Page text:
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Saigon Resumes Domestic Tourism in 'Green' Districts for Fully Vaccinated Guests

Domestic tourists will eventually be allowed to enter Saigon if they have been fully vaccinated or recovered from a past COVID-19 infection.

According to VnExpress, a negative test 48 hours before arrival and verified vaccine history will allow visitors to come to Saigon's "green zones." Those under 18 will not need to be vaccinated but must prove they are free of the virus. No specific date for the plan has been announced. 

Local tourism staff, including hotel employees who come into frequent contact with guests, will be required to be fully vaccinated or provide proof of COVID-19 recovery. Those with less-frequent contact will need at least one shot and can only work remotely. Tests will be required every three days as well.

The so-called "green zones" are those areas in Saigon including District 7, Can Gio and Cu Chi districts, which have been deemed to have COVID-19 under control. Last Sunday, the city successfully organized two tours to Can Gio and Cu Chi for 227 frontline workers, who are all fully vaccinated. These are the first tourism activities in Saigon since the current outbreak started in May.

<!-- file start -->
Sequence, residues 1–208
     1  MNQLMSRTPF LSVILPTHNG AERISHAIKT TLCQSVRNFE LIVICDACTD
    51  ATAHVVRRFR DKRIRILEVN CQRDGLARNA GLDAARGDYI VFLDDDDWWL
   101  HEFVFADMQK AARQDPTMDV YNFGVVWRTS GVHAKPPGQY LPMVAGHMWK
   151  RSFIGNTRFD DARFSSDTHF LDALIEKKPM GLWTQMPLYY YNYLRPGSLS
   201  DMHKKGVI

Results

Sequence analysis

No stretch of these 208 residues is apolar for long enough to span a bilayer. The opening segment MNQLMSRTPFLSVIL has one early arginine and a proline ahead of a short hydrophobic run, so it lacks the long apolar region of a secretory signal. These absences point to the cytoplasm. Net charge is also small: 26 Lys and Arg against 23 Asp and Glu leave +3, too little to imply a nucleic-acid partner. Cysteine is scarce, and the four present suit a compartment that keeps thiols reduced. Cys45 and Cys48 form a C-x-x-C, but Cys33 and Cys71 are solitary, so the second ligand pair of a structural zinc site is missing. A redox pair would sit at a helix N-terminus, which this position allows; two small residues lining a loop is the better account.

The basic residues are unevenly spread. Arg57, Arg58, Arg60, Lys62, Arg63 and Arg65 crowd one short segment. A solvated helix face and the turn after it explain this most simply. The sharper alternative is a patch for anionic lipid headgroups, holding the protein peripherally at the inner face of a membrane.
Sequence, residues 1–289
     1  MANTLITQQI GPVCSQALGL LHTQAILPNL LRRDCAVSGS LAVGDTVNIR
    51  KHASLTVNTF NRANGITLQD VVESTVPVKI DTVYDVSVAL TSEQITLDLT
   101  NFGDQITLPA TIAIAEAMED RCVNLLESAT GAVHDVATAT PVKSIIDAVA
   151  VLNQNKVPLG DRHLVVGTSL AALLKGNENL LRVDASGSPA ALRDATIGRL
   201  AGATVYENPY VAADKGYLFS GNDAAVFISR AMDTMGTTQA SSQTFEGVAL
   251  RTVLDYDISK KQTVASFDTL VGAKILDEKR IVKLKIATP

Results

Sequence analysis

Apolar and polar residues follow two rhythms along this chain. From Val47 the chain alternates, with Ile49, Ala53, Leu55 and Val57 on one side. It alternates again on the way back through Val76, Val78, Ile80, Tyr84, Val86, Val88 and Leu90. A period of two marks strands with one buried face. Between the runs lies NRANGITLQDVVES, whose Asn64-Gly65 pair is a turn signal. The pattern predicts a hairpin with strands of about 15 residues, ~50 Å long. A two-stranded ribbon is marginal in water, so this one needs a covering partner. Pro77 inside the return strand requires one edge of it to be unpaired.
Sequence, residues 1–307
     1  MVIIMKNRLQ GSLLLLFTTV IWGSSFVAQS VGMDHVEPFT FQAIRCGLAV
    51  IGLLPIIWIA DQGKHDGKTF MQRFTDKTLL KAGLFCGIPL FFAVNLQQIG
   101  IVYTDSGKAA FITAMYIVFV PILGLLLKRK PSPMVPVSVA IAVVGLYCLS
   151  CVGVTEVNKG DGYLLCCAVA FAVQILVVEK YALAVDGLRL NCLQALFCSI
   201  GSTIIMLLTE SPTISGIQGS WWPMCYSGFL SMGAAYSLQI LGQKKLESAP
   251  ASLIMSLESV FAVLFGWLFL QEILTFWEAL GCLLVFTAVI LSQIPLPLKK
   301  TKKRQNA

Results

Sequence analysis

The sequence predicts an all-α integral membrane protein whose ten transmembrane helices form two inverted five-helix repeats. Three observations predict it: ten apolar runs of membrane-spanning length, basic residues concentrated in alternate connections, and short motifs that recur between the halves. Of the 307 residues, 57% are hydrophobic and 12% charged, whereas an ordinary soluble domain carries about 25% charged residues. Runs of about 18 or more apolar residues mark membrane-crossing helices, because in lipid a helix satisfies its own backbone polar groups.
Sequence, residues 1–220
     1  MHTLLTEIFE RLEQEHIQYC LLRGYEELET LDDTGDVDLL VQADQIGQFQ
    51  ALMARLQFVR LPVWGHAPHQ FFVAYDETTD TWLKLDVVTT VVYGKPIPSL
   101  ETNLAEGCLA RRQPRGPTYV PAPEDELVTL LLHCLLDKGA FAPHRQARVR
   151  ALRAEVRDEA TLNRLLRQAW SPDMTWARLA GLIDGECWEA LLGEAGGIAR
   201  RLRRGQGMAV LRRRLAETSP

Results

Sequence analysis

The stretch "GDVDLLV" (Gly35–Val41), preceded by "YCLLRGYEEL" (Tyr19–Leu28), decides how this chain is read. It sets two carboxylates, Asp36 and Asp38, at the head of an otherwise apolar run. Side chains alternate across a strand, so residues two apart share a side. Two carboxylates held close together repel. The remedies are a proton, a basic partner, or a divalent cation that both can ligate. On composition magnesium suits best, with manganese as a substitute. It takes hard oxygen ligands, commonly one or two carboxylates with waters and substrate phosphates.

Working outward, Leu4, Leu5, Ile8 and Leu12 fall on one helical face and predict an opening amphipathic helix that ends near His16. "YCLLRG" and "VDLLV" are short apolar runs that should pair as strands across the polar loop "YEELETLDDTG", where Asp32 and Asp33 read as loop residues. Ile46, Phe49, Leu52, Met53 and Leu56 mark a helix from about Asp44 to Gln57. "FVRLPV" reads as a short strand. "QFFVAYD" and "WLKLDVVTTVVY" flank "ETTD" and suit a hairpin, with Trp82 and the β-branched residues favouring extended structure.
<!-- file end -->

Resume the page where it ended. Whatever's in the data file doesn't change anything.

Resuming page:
In some wards of District 7, some lockdown rules have been eased, allowing residents to exercise outdoors if socially distanced. The scheme is being trialed while the city attempts its "green pass" system for vaccinated individuals.

Meanwhile, foreign visitors not receiving exempt status as expert workers or diplomats have been banned from entering Vietnam since March 2020, and inbound commercial flights are still suspended. Previous plans for mandatory quarantine periods have drawn the ire of foreign guests. Phu Quoc has been floated as a pilot area to allow tourists if a threshold of local vaccinations is reached, though the island is facing a new outbreak.

In addition to the approximately 9% of GDP tourism represents for the nation, the country relies greatly on foreign businesses investments. This recent outbreak has strained current and future investments, and foreign companies have begun questioning the viability of continuing operations in Vietnam given the current lockdown. The return of tourists may help alleviate the concerns of multi-national corporations.

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